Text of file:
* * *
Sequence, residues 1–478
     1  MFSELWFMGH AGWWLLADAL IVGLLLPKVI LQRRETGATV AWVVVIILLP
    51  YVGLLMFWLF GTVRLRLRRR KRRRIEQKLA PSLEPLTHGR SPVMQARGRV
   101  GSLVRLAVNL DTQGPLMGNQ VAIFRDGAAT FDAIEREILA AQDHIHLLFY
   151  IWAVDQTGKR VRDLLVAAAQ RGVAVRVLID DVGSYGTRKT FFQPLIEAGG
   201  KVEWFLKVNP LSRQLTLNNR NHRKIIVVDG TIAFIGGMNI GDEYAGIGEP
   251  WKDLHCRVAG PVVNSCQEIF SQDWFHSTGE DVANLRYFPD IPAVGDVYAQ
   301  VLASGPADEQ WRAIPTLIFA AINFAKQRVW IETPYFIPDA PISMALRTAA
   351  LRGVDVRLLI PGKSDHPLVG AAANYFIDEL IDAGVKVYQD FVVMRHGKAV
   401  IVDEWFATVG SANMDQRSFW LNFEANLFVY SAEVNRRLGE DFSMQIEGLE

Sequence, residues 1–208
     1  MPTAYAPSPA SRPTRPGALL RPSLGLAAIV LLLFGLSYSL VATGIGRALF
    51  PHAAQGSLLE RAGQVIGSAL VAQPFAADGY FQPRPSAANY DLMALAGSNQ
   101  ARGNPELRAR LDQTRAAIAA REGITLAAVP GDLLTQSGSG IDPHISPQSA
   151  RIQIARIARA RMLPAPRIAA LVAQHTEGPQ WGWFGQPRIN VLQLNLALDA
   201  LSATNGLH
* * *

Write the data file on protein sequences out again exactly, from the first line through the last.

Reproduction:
Sequence, residues 1–478
     1  MFSELWFMGH AGWWLLADAL IVGLLLPKVI LQRRETGATV AWVVVIILLP
    51  YVGLLMFWLF GTVRLRLRRR KRRRIEQKLA PSLEPLTHGR SPVMQARGRV
   101  GSLVRLAVNL DTQGPLMGNQ VAIFRDGAAT FDAIEREILA AQDHIHLLFY
   151  IWAVDQTGKR VRDLLVAAAQ RGVAVRVLID DVGSYGTRKT FFQPLIEAGG
   201  KVEWFLKVNP LSRQLTLNNR NHRKIIVVDG TIAFIGGMNI GDEYAGIGEP
   251  WKDLHCRVAG PVVNSCQEIF SQDWFHSTGE DVANLRYFPD IPAVGDVYAQ
   301  VLASGPADEQ WRAIPTLIFA AINFAKQRVW IETPYFIPDA PISMALRTAA
   351  LRGVDVRLLI PGKSDHPLVG AAANYFIDEL IDAGVKVYQD FVVMRHGKAV
   401  IVDEWFATVG SANMDQRSFW LNFEANLFVY SAEVNRRLGE DFSMQIEGLE

Sequence, residues 1–208
     1  MPTAYAPSPA SRPTRPGALL RPSLGLAAIV LLLFGLSYSL VATGIGRALF
    51  PHAAQGSLLE RAGQVIGSAL VAQPFAADGY FQPRPSAANY DLMALAGSNQ
   101  ARGNPELRAR LDQTRAAIAA REGITLAAVP GDLLTQSGSG IDPHISPQSA
   151  RIQIARIARA RMLPAPRIAA LVAQHTEGPQ WGWFGQPRIN VLQLNLALDA
   201  LSATNGLH